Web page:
1) I agree with maha that it’s difficult to figure out what conservatism is, even for conservatives. In large part, this stems from what she correctly describes as antagonism. Being opposed to something is not the same as philosophical coherency–a point I’ve made about the ‘progressive’ movement.
2) I think we also agree that the modern conservatives are running the U.S. into the ground. Increasing income inequality, declining infrastructure (physical and mental), and ‘faith-based’..well…everything are all disastrous. However, if you happen to be on top, it’s one hell of a ride. I also think it can take many decades for a powerful, prosperous nation to go off the rails. If we start the clock at midway through the Carter administration, I figure we’re about halfway there.
3) I still think the primary divide is between pre-New Deal conservatives (and their descedant ‘throwback’ conservatives) and post-New Deal conservatives, who, to a considerable extent in policy terms, can be considered part of the New Deal consensus. To use an analogy, while I don’t think merit pay is the best way to improve science education in the U.S., I share the same goal with most of the ‘centrist’ Democrats who support merit pay: making science education better. We fundamentally disagree with the theopolitical conservatives (i.e., creationists), who want to ‘improve’ science education by introducing sectarian dogma into the classroom. This is a fundamental difference in kind. However, that doesn’t mean that I can’t strongly and vehemently disagree with the merit pay supporters (I do); however, they are not batshit loony.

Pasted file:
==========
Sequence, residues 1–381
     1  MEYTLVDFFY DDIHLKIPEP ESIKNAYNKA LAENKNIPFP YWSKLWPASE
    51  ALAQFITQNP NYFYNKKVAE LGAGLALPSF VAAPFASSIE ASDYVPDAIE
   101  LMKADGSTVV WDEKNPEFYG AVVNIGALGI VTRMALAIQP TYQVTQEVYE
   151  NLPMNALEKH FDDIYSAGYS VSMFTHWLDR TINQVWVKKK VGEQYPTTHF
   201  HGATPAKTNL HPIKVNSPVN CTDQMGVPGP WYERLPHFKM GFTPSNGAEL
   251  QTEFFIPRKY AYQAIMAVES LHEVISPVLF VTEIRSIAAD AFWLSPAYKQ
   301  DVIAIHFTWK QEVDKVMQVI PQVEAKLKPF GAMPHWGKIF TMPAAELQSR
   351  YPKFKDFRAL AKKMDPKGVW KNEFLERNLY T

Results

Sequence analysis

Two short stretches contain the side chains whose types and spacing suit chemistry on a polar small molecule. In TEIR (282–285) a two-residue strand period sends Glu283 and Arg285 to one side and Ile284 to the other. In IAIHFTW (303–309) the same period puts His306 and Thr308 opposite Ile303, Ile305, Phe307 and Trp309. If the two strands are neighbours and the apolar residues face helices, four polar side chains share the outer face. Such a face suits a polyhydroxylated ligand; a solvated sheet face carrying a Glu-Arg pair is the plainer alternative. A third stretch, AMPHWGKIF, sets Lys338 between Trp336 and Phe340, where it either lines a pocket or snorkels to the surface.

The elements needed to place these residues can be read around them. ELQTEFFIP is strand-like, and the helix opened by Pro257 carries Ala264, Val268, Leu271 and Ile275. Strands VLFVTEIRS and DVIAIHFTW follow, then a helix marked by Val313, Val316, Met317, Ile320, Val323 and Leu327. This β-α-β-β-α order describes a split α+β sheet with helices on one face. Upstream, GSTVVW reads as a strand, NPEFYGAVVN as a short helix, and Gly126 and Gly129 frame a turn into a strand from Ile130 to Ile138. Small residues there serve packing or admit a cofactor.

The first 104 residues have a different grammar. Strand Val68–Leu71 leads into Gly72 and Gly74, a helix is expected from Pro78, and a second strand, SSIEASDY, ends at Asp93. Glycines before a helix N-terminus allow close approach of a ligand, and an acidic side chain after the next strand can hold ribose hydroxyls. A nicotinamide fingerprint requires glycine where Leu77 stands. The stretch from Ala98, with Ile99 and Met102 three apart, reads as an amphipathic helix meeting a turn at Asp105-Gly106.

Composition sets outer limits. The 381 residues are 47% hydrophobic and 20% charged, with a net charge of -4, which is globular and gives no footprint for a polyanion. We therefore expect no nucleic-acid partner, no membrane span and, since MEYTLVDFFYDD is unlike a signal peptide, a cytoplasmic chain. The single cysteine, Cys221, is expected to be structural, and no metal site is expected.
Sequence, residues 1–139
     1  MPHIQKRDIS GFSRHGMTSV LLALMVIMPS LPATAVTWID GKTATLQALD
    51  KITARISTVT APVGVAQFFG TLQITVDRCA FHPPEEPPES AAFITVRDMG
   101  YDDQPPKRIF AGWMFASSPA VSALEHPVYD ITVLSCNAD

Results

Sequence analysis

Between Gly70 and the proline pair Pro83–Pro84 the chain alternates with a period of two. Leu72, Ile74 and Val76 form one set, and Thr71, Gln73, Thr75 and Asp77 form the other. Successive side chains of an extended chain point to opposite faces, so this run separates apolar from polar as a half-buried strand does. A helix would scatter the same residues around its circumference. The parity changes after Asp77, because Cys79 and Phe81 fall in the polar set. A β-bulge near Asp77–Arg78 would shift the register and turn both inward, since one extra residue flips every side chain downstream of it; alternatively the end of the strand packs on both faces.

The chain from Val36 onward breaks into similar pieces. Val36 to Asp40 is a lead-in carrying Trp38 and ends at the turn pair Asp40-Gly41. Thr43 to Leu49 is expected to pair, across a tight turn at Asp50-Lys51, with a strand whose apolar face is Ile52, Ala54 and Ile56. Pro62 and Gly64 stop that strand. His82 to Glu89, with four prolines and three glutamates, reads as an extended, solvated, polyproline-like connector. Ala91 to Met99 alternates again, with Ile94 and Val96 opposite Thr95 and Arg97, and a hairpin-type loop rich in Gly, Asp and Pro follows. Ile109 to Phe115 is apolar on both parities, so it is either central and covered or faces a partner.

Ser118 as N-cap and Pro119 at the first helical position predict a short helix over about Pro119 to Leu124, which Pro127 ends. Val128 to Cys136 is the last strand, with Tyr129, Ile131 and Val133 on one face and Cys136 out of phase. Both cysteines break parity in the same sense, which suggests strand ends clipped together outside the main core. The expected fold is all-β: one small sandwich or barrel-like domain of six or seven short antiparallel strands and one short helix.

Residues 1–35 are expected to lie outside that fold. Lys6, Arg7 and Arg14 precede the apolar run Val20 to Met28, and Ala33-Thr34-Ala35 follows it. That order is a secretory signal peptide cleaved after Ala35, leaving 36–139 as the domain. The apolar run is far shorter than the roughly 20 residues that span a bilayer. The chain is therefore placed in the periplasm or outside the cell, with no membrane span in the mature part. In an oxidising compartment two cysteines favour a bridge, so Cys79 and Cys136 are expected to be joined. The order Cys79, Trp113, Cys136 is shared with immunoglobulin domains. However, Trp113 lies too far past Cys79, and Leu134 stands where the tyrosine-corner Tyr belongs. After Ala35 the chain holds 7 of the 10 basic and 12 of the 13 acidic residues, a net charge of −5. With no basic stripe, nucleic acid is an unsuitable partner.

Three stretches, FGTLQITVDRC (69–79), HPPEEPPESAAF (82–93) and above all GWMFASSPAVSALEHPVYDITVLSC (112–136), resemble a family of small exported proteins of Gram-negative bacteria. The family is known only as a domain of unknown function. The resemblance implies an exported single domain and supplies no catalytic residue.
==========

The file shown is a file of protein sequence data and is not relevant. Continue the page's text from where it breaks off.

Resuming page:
4) The role that racism plays in all of this is interesting (and utterly despicable). Ironically, many people who were part of the New Deal consensus (albeit on the more conservative end) abandoned it due to racism. They liked municipal swimming pools, library, and schools as long as these institutions were ‘whites only.’ Sadly, maintaining American apartheid was far more important to them than the notion of community (and common) goods and services (Kevin Kruse, in White flight : Atlanta and the making of modern conservatism makes this point far more eloquently than I ever could).
I don’t want to create a mountain out of a molehill here: I think maha and I agree: what passes for conservatism today is a disaster. But as tng noted in the comments:
Eisenhower was frequently derided as a “Communist” or accused of aiding and abetting Communist by the John Birch Society. Eisenhower established the interstate highway system, continued all the major New Deal programs, broadened Social Security and created the Department of Health, Education and Welfare. And who can forget Eisenhower warning us of the military-industrial complex in his farewell address?
Nixon has been termed by no less than Noam Chomsky as “perhaps the last liberal President”. Nixon also supported a guaranteed income in the form of a negative income tax, established the Environmental Protection Agency and supported a war on drugs where 2/3 of the money went toward treatment programs rather than law enforcement.
These men were not conservatives as we think of them today. Both were fiscal conservatives, both were caught up in the red scare, Nixon was a paranoid with a strong need for “law and order” but both men enacted quite socially progressive legislation as well.
We’ll definitely never say that about Bush or the modern conservatives.